To make a first time house, a first time home

 When first entering the housing market, you scrimp and save to get the cash together for the deposit and negotiate the best mortgage possible. One aspect that is often forgotten, is what are you going to do with the place once its yours.

You haven’t budgeted for expensive furniture and costly decorations. You have totally forgotten the garden, the kitchen and where are you going to sleep? Fear not, this easy step by step guide should give some insights as to where the money should be spent or if a saving can be made. Prioritise and break the tasks in to manageable pieces and it will be a home in no time.

 Preparation

 First thing to complete would be the basic prep work. All damaged or unwanted wallpaper needs to be removed and the walls cleaned. Use a concentrated wallpaper striper, wear rubber gloves and avoid contact with eyes. Use an own brand filler to smooth over any damage to the walls or holes left by picture hooks or screws. If in doubt of what to do with your walls, paint them white. This will protect them while you contemplate your options and will give a clean and sharp temporary look.

  Storage.

 Try to make some space so your stuff can be safely stored until you know what to do with it. If you don’t make the effort to find storage space you will be tripping over boxes filled with books and C.D’s while your trying to get things done. The alternative is unpack all your belongings on day one, but nobody ever does that.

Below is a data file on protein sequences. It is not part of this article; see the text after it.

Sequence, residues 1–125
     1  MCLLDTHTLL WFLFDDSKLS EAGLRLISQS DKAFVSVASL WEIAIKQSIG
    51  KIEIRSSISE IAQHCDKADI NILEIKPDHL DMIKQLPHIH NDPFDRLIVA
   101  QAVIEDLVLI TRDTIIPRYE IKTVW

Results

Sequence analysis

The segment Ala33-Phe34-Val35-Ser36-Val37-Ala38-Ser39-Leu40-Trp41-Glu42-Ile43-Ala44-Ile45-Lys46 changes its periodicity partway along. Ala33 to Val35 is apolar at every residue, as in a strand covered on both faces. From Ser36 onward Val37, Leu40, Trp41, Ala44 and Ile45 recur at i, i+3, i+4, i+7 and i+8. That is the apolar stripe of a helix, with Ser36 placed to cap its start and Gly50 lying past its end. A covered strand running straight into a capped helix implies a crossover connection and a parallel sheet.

Furniture.

 The most important pieces of furniture to prioritise in your new home are: Bed, Seating, Table. I would recommend trying to combine the first two into one item. The Futon is an ideal solution that fills both needs, leaving money left over to get a descent dinning table. A good quality table and chairs are great for an evening meal but also a great makeshift desk for making plans or filling out forms. 

Electrical.

 You may have a television and DVD player from you last place, but you are unlikely to have a fridge freezer or a washing machine. To keep with in your slim budget it may be worth investigating rental electrical goods. Brighthouse do weekly payment rentals on all types of house hold goods for reasonable prices. A good way to start out with out breaking the bank, or having to borrow Mum’s washing machine.

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